15. 15. MongoDB Security•  SSL –  Between your app and MongoDB –  Between nodes in MongoDB cluster•  Authorization at the database level –  Read Only / Read + Write / Administrator•  Roadmap –  2.4: SASL, Kerberos authentication –  2.6: Pluggable authentication
  16. 16. Content Operational High Volume User Data E-CommerceManagement Intelligence Data Feeds ManagementUse Cases
  17. 17. MongoDB Functionality
  18. 18. Documents> var new_article = { author: “roger”, date: new Date(), title: “My Favorite 2012 Movies”, body: “Here are my favorite movies from 2012…” tags: [“horror”, “action”, “independent”]}>
  19. 19. Querying> db.articles.find(){ _id: ObjectId(“4c4ba5c0672c685e5e8aabf3”), author: “roger”, date: ISODate("2013-01-08T22:10:19.880Z") title: “My Favorite 2012 Movies”, body: “Here are my favorite movies from 2012…” tags: [“horror”, “action”, “independent”]}// _id is unique but can be anything you like
  20. 20. Indexes// create an ascending index on “author”> db.articles.ensureIndex({author:1})> db.articles.find({author:”roger”}){ _id: ObjectId(“4c4ba5c0672c685e5e8aabf3”), author: “roger”, …}
  21. 21. Ad-Hoc Queries// Query Operators:// $all, $exists, $mod, $ne, $in, $nin, $nor, $or,// $size, $type, $lt, $lte, $gt, $gte// find articles with any tags> db.articles.find({tags: {$exists: true}})// find posts matching a regular expression> db.articles.find( {author: /^rog*/i } )// count posts by author> db.articles.find( {author: ‘roger’} ).count()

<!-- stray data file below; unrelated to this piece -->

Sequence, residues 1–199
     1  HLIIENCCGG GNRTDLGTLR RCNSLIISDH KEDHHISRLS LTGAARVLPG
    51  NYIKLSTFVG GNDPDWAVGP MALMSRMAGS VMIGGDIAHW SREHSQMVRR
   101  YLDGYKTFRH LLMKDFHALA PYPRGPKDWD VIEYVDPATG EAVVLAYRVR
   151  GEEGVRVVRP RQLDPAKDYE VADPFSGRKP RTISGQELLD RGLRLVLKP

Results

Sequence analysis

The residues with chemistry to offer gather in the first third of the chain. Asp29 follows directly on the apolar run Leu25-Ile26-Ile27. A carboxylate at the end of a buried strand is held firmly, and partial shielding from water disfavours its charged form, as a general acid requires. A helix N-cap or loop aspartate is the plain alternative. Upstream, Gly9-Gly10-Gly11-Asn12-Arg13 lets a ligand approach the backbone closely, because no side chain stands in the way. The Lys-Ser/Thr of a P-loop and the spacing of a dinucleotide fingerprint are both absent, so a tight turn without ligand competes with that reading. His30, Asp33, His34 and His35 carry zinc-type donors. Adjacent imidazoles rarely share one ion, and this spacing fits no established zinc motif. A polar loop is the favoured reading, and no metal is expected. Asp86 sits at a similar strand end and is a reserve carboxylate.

22. 22. Atomic Updates// Update Modifiers// $set, $unset, $inc, $push, $pushAll, $pull,// $pullAll, $bit> comment = { author: “fred”, date: new Date(), text: “Best list ever!”}> db.articles.update({ _id: “...” }, { $push: {comments: comment}});
  23. 23. Nested Documents{ _id: ObjectId("4c4ba5c0672c685e5e8aabf3"), author: "roger", date: ISODate("2013-01-08T22:10:19.880Z"), title: “My Favorite 2012 Movies”, body: “Here are my favorite movies from 2012…” tags: [“horror”, “action”, “independent”] comments : [ { author: "Fred", date: ISODate("2013-01-08T23:44:15.458Z"), text: "Best list ever!” } ]}
  24. 24. Secondary Indexes// Index nested documents> db.articles.ensureIndex({“”:1})> db.articles.find({“”:’Fred’})// Index on tags> db.articles.ensureIndex({tags: 1})> db.articles.find({tags: ’Manga’})// Geospatial indexes> db.articles.ensureIndex({location: “2d”})> db.posts.find({location: {$near: [22,42]}})
  25. 25. Scaling MongoDB
  26. 26. Scaling MongoDB•  Replica Sets –  Redundancy, failover, read scalability•  Sharding –  Auto-partitions data, read/write scalability•  Multi-datacenter deployments•  Tunable consistency•  Engineering for zero downtime
  27. 27. Client Application Driver Write Read Primary Secondary SecondaryReplica Sets
  28. 28. Node 1 Node 2 Secondary Secondary Heartbeat Re n tio p lic ica ati pl on Re Node 3 PrimaryReplica Set – Initialize
  29. 29. Primary Election Node 1 Node 2 Secondary Heartbeat Secondary Node 3Replica Set – Failure
  30. 30. Replication Node 1 Node 2 Secondary Primary Heartbeat Node 3Replica Set – Failover
  31. 31. Replication Node 1 Node 2 Secondary Primary Heartbeat n tio ica pl Re Node 3 RecoveryReplica Set – Recovery
  32. 32. Replication Node 1 Node 2 Secondary Primary Heartbeat n tio ica pl Re Node 3 SecondaryReplica Set – Recovered